Dr. Catherine Lovekin, assistant professor of astronomy at Mount Allison University, joined us in studios to talk about the Southern Delta Aquarid meteor shower and the Introduction to the Night Sky event she’ll be hosting this Saturday, 26 July, at 8:30pm at the Campbell Carriage Factory in Middle Sackville. She talked about sungrazing comets and the mechanics of a meteor shower. We also asked her about her comet-like trajectory into astronomy, the work she’s done on star evolution, and the pertinence of astronomy as a science.



Michael: What are the coolest things happening in space?

Dr. Lovekin: I think my favourite astronomical object is what are called a Luminous Blue Variables.

Michael: Luminous Blue Variables?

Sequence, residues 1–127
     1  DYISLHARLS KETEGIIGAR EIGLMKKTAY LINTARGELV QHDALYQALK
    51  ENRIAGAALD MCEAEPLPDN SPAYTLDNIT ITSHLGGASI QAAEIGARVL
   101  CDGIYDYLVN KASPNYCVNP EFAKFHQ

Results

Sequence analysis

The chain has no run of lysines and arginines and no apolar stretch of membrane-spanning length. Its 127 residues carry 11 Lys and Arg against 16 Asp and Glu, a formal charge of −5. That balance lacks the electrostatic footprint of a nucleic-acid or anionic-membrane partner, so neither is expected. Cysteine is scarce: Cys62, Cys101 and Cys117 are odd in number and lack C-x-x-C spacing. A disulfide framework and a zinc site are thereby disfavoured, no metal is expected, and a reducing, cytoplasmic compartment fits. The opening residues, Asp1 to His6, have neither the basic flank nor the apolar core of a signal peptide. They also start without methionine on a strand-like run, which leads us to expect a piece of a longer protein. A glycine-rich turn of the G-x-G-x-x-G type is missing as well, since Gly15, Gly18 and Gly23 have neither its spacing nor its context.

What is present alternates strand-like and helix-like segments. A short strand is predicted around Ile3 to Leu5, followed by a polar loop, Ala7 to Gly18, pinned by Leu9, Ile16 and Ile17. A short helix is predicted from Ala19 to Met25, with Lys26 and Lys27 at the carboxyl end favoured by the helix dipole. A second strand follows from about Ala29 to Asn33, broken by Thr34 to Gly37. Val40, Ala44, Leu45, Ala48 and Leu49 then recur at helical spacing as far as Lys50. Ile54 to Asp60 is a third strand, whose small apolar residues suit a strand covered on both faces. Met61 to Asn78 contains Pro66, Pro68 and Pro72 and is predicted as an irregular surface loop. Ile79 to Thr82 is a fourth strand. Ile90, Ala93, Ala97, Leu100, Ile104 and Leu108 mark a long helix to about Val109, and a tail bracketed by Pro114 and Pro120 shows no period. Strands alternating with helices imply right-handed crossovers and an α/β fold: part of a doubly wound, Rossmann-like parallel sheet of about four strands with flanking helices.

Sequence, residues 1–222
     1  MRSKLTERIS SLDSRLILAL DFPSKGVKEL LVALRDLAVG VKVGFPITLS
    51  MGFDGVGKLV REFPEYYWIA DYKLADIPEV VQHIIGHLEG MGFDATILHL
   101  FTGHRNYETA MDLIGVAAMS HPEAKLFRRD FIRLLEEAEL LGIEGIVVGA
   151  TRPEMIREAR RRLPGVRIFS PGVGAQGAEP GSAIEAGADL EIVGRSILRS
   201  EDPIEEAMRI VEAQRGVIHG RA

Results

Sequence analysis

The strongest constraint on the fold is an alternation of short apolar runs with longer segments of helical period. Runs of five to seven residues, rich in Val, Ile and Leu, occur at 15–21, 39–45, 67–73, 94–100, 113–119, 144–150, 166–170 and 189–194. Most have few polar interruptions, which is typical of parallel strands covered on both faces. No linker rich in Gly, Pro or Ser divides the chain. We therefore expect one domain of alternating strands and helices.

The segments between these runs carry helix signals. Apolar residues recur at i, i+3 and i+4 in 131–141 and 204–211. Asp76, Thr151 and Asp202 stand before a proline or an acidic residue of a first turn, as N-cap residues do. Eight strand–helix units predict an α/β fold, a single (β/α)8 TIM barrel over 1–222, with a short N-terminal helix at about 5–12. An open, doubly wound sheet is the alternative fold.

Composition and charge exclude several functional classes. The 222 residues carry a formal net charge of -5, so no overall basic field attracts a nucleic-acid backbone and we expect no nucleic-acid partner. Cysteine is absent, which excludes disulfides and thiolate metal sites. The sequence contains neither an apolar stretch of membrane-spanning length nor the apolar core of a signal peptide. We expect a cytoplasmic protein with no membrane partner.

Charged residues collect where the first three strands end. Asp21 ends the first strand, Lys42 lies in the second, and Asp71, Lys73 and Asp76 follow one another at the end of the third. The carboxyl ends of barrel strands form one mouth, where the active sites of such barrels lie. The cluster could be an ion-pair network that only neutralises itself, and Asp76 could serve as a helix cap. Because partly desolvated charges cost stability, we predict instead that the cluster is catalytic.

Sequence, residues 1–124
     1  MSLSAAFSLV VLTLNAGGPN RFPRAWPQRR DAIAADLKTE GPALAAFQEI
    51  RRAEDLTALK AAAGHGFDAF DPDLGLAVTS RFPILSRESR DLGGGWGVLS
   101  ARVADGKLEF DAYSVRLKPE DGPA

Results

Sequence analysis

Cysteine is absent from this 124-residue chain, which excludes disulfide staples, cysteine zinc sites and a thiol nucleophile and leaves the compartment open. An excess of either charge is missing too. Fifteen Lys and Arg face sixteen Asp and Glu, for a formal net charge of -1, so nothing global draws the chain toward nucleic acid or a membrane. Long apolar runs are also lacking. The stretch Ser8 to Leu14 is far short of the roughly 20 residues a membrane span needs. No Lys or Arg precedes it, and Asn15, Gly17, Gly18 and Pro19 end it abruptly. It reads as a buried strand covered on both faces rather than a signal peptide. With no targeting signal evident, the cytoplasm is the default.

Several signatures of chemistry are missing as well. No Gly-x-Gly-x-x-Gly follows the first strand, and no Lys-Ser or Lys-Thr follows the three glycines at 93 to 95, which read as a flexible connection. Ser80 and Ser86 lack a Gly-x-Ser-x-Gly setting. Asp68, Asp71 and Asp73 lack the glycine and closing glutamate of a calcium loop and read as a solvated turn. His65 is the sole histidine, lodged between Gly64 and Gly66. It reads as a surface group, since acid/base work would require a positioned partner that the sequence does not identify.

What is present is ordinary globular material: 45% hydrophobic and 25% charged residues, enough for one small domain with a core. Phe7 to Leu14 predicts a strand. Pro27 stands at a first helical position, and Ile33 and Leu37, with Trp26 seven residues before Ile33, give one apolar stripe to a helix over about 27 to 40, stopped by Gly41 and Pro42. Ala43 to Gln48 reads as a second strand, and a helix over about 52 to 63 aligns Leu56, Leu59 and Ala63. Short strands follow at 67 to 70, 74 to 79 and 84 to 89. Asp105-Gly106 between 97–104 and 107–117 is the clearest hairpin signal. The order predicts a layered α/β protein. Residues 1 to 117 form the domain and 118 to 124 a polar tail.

Dr. Lovekin: These are stars that are very bright, they’re luminous; they’re very hot, which makes them appear very blue in colour; and they’re variable, or they change over time. So, Luminous Blue Variables. We’re not the most creative with names. But these particular objects are very interesting because we don’t understand them at all. They’re very massive stars and they don’t show up in our evolution sequences. When we try to model the evolution of these stars, they don’t happen! They’re stars that become unstable for reasons that we don’t fully understand, and they eject tons of material….